The Diplomad: Great Things Afoot: UN to Save World

The Diplomad is at it again..My commentary is not needed..just read..:)

*This blog is shutting down so I am posting the entire entry here*

Saturday, January 22, 2005

Great Things Afoot: UN to Save World

A lazy Saturday at last! A few phone calls — including a bizarre consular case — but none requiring the Chief Diplomad to go to the office, not yet. The Always Lovely Mrs. Chief Diplomat is braving torrential rains and risking my Chevy in her endless quest for the perfect item. The Diploteens are with friends; Diplodog and I are alone — well, except for four members of the household staff, three guards, three gardeners (watering the lawn, despite the rain), and ten workmen knocking down walls in the back of the house.

I had planned to blog on the Inaugural and President Bush’s radical speech which — if he’s serious — signals a high energy, revolutionary US foreign policy over the next four years. On the Inaugural, I was going to ridicule Demos crying about a “$40 million Inaugural party while we have a war; while we have poverty, while, while, etc.” Let’s join in and complain about Federal funding of the arts (and the UN) while we have a war: do you know how many bullets we could buy and HUMVEES armor with the USG money that’s goes to lefty “art” and the UN? Do you know how many cages we could add to Guantanamo? But, I decided not to write about those things — at least not now — for, my friends, I erred this morning. I went on the official UN website; not good to do if you want a low stress day.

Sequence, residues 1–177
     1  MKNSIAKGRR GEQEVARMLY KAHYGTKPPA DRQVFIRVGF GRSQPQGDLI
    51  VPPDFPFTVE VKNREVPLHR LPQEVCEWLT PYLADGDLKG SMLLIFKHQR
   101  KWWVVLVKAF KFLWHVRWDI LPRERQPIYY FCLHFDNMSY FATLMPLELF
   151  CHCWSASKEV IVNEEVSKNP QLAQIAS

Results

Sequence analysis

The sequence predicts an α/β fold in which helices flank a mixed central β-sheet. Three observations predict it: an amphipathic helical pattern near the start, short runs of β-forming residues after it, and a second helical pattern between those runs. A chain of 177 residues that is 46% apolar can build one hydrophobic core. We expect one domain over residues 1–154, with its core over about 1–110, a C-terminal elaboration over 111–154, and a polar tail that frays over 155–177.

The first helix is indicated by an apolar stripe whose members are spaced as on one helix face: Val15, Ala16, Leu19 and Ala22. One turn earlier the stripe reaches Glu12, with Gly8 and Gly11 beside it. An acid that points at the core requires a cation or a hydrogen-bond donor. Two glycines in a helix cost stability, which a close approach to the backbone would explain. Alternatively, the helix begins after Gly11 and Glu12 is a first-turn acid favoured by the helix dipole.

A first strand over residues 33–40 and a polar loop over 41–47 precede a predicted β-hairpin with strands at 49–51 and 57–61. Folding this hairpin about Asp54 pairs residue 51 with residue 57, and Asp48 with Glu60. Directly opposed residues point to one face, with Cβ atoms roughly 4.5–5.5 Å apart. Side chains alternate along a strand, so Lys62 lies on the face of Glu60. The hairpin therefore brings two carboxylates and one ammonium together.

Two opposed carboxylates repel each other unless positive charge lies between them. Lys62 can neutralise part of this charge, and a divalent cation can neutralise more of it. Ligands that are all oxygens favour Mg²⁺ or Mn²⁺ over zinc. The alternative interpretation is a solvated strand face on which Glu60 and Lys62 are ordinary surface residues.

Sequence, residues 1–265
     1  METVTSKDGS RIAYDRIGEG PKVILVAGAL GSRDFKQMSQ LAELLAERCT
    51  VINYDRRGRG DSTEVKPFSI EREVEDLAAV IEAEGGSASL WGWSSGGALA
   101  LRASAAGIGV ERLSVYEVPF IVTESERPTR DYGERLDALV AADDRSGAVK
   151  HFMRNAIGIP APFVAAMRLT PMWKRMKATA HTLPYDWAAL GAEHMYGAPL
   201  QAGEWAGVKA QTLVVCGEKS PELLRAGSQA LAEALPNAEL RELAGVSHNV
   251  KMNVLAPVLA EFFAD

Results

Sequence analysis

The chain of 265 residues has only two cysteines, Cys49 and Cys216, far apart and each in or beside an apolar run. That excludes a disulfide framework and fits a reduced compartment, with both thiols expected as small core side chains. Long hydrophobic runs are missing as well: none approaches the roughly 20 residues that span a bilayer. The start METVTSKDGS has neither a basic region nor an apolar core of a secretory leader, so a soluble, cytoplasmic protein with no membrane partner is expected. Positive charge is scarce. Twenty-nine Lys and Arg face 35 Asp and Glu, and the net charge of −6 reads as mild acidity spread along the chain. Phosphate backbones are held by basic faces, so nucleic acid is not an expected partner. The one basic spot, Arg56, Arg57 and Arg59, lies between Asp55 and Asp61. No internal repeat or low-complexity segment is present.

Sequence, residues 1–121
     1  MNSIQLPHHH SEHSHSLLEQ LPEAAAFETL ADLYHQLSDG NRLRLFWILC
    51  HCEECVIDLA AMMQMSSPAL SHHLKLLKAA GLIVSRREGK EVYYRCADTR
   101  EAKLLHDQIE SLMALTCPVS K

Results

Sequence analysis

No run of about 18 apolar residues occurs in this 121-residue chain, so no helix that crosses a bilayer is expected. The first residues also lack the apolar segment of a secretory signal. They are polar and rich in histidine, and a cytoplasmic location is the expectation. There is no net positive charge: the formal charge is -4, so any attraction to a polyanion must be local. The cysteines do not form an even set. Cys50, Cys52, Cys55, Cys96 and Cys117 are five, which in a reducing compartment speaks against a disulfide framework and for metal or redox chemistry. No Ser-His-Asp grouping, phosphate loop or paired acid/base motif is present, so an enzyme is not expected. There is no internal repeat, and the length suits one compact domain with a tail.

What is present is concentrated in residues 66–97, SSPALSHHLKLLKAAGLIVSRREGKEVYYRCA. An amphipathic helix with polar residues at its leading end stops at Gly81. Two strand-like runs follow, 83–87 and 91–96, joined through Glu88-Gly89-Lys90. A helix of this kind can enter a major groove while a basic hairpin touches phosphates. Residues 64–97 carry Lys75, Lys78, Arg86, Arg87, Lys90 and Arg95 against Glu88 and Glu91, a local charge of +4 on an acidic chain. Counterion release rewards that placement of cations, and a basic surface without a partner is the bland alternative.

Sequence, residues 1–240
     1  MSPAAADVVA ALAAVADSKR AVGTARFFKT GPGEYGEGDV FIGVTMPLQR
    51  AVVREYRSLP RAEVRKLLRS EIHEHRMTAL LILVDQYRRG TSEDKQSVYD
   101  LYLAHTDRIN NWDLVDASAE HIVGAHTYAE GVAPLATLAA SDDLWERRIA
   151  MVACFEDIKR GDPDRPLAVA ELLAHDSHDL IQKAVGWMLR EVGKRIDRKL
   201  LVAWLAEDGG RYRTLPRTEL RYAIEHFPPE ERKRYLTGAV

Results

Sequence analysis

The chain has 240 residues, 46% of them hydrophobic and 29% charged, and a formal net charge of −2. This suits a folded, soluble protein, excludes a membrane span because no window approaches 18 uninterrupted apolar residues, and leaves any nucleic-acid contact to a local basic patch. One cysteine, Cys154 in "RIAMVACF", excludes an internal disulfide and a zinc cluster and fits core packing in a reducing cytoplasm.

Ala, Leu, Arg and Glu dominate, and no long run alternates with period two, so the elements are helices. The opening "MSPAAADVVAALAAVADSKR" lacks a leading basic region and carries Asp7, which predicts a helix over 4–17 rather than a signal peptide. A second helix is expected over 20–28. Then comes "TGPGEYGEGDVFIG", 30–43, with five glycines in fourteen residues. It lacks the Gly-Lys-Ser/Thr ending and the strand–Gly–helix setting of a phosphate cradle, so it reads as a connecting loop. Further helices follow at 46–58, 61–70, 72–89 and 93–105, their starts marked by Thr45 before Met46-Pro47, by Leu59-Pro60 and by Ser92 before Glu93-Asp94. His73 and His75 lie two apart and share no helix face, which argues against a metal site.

It seems that your UN, having acted so resolutely and efficiently in the December 26 tsunami crisis, has taken on greater challenges, more befitting such a superb organization. (BTW, on the day, January 18, that two UN-leased helicopters finally became active in Sumatra, the US increased its helo flights from 30/day to 80/day; that’s for those who see the US effort as superfluous.)

What’s your UN up to? It’s going to end world poverty! Having ended the poverty of UNocrats, your UN will now spread the wealth. How will do it this magical thing? It has a report! And no ordinary report — as they say, “Not Available in Stores” — this one is extra special. The report, “A Practical Plan to Achieve the Millennium Development Goals” is 3,000, yes, three thousand pages long! The Diplomad is sure all of you will go to the link right now and download three thousand pages of UN prose. Fill up your hard drives! Burn out your printers!

OK. Any report– unless written by G-d Himself — 3,000 pages long is worthless as a plan of action, much less as a “Practical Plan.” How long is the US Declaration of Independence? How long is the US Constitution? How long is the EU Constitu . . . never mind. Dear readers we at The Diplomad love you dearly, but, sorry, we’ll not read it for you. We won’t be the only ones on the planet to do so.